By: Greg Berlanti, Andrew Kreisberg, Geoff Johns (story)
The Story: No time for nerd love when there be superhumans romping about.
The Review: Not that Arrow has ever been ashamed of its superhero roots, but for a long time, the show shied away from anything that would classify as “super.” Obviously, this was part of an attempt to present Arrow as a semi-realistic and grounded superhero adaptation in the mold of the recent Batman movies, but there’s also always the risk that bringing in characters flashier and more powerful than our hero himself would marginalize him in his own show.
That doesn’t quite happen in this episode, but you can see the potential threat the moment we’re introduced to a bona fide superhuman as well as the mere promise of one. The former, gifted with most basic gifts of prodigious strength and durability, gives Ollie so good a thrashing that his allies are forced to resort to the most drastic measures to save his life. The latter, even with no special powers to speak of at present, receives such prominence—which is due just from his iconography—that he at times overshadows even Ollie’s presence in the episode.
It’s this latter situation that creates the episode’s biggest problem, at least for those who may not appreciate the significance of Barry Allen coming into the Arrow world. I imagine for those who have barely heard of the Flash beyond the name will wonder why the episode treats this newly minted character so lovingly. Thankfully, the use of the episode as a backdoor pilot to a rumored Flash show is fairly contained; aside from a few scenes of Barry missing trains,* it’s business as usual for the Arrow gang.
Even though Barry is an important cog for the team’s latest mission to move forward, he only enhances functions they already perform fairly well, rather than subsumes. His obsession and expertise with superhumans is valuable, but it’s Ollie who has direct experience dealing with the kind of powers at work here. His CSI skills are similarly respectable, but don’t necessarily accomplish anything Felicity or Diggle could have done themselves, with a little more time.
Honestly, you’d be forgiven if you leave the episode thinking Barry was brought in expressly to serve as a love interest for Felicity. His adolescent eagerness and appearance (which Ollie can’t help gleefully calling attention to—“Do your parents know you’re here?” he asks when Barry first arrives to investigate the crime scene) is a perfect match for Felicity’s girlish awkwardness, and it’s pretty damn cute seeing her get visibly turned on by his scientific acumen. I don’t know how long this romance can last, given that Barry is due to star in his own show at some point and destined to fall in love with someone else even if he doesn’t. Perhaps that’s why the show accelerates Ollie’s implicit approval of the newcomer as Felicity’s beau and Barry’s irreversible integration into the team’s most private lives at the end of the episode.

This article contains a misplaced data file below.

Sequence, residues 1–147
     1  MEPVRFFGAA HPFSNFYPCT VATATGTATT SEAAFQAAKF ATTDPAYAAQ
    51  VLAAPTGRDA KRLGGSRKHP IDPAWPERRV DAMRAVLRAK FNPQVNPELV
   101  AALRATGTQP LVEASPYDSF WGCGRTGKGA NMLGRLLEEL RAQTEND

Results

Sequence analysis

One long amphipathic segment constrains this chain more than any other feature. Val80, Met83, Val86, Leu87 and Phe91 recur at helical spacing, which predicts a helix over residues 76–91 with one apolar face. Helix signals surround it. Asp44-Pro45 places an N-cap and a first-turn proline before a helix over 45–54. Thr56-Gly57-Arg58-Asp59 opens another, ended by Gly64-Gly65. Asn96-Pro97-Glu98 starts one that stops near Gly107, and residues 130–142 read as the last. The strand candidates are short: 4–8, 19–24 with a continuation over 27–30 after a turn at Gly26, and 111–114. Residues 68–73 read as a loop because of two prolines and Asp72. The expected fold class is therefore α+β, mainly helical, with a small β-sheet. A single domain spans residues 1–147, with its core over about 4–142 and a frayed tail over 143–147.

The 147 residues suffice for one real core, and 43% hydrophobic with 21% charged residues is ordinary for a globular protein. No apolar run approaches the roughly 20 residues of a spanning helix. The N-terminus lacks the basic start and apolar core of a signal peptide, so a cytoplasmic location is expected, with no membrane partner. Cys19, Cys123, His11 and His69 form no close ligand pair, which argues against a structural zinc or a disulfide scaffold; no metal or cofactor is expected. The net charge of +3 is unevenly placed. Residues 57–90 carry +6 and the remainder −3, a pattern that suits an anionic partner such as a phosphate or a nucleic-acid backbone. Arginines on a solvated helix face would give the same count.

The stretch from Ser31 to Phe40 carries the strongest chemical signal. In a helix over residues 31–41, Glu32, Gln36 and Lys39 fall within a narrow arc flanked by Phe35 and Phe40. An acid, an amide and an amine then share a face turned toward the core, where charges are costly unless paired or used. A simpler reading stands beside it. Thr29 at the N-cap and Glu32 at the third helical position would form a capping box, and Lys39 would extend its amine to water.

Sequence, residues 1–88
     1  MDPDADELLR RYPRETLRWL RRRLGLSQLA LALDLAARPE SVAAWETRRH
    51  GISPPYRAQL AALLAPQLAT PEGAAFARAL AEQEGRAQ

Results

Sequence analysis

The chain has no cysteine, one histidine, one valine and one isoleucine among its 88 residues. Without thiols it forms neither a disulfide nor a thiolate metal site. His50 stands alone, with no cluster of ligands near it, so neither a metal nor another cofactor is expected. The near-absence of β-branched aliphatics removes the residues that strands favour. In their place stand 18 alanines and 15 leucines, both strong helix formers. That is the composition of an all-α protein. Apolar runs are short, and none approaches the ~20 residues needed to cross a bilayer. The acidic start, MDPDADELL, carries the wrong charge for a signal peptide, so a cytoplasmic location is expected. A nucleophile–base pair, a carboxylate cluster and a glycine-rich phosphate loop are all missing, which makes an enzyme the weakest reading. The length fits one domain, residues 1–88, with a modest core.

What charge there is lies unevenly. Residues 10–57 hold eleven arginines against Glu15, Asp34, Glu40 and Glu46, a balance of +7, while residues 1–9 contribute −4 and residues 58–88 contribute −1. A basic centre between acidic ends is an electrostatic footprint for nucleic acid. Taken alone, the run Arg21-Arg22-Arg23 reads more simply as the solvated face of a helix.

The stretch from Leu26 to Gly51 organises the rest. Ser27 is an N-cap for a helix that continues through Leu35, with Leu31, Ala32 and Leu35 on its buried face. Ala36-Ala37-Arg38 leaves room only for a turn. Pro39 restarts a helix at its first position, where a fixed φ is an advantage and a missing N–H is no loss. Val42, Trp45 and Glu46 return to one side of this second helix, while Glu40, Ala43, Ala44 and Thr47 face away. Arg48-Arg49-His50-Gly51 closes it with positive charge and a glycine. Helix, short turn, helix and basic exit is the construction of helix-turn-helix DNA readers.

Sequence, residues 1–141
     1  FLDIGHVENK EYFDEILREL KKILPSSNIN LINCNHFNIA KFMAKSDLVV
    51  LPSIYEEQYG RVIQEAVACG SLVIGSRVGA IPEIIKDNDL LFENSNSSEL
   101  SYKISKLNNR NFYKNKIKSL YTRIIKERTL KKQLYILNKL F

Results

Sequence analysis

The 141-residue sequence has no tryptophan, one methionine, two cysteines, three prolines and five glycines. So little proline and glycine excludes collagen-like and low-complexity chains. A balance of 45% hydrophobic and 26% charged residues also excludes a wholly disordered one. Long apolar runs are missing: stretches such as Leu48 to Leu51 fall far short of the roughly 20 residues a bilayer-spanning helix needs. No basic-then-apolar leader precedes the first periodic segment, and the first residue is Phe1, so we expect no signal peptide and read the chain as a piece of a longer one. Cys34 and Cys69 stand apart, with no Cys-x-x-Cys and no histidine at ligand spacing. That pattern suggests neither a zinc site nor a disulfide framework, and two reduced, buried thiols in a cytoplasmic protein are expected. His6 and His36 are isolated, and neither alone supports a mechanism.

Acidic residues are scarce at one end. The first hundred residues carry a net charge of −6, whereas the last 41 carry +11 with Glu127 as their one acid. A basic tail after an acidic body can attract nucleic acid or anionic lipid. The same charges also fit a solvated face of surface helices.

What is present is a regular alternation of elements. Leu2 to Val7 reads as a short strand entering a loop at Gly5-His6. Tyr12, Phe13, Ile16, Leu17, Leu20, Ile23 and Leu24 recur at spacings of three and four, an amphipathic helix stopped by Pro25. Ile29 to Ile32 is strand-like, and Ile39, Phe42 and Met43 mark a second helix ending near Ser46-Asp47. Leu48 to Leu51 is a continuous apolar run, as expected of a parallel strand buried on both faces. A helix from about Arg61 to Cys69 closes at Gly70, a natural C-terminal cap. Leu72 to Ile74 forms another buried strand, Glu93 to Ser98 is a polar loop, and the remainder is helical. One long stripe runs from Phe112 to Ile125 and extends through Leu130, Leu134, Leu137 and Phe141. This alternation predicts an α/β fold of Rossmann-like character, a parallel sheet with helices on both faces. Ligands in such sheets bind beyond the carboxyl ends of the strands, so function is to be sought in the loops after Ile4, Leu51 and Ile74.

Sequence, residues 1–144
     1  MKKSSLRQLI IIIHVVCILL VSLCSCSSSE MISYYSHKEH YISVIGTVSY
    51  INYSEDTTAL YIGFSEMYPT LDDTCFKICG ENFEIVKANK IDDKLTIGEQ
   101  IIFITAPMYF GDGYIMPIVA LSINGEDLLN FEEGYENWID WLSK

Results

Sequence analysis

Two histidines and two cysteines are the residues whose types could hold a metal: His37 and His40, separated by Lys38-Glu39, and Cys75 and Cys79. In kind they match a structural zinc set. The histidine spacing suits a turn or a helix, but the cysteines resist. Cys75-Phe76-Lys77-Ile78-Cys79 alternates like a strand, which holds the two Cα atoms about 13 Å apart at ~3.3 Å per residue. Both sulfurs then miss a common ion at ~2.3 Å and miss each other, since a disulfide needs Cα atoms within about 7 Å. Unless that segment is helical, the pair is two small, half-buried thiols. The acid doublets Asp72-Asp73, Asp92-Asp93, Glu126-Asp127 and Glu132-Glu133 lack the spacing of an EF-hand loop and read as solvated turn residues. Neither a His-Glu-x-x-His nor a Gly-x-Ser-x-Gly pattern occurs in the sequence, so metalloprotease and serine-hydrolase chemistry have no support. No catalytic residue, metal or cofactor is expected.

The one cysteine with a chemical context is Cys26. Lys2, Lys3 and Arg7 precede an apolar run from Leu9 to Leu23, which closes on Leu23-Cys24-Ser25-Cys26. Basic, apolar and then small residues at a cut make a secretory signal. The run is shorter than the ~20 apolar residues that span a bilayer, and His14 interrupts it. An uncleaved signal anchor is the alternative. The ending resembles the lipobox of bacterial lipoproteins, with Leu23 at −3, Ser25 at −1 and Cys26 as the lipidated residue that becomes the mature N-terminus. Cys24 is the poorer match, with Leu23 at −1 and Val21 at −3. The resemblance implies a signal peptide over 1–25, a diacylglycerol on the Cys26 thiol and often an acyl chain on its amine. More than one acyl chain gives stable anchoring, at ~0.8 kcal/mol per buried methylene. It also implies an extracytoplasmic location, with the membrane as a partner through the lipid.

Meanwhile, the rest of Arrow is running as smoothly as it has been this season. Moira’s fortuitous (and, as it turns out, rigged) acquittal means finding a new role on the show besides participant in a conspiracy. Spurned by her business and social contacts, the only purpose left for her is to ward off the returned threat of Malcolm Merlyn. This is a smart move on all counts; it lets her fight back against a man who dominated all of last season (“I’m through being afraid of you.”), and it lets her show resourcefulness beyond any of our expectations. We all knew she’s no stranger to the criminal underworld, but contacting Ra’s al Ghul is networking of a different level altogether.
And once again, the island flashbacks have a concrete connection to the rest of the episode, which isn’t something that can always be depended upon. The discovery of a superhuman serum called “Mirakoru” (“Miracle”) onboard a marooned Japanese sub in island’s cove serves three purposes: it makes the presence of superpowers more consistent across the show’s continuity; it offers a method for Slade to get the killer abilities Deathstroke-lovers know he should have; and it’s a nice shout-out to “Miraclo,” the pills which give Hourman his temporary strength.**
Conclusion: For those who have no superhero experience beyond what they see in this show, the presence of Barry will be slightly baffling, but otherwise the episode is tightly plotted and works on all levels.
- Minhquan Nguyen
Some Musings: * Between Barry’s very own tinkling musical theme and the constant imagery of steaming trains, you get some very Harry Potter-esque vibes from him, no?
* Which might also explain the rumors about an Hourman show being kicked around the pitching rooms.
Filed under: DC Comics, Reviews Tagged: | Andrew Kreisberg, Arrow, Arrow S02E08, Arrow S02E08 review, Barry Allen, DC, DC Comics, Deathstroke, Felicity Smoak, Geoff Johns, Green Arrow, Greg Berlanti, Malcolm Merlyn, Moira Queen, Oliver Queen, Slade Wilson, The Flash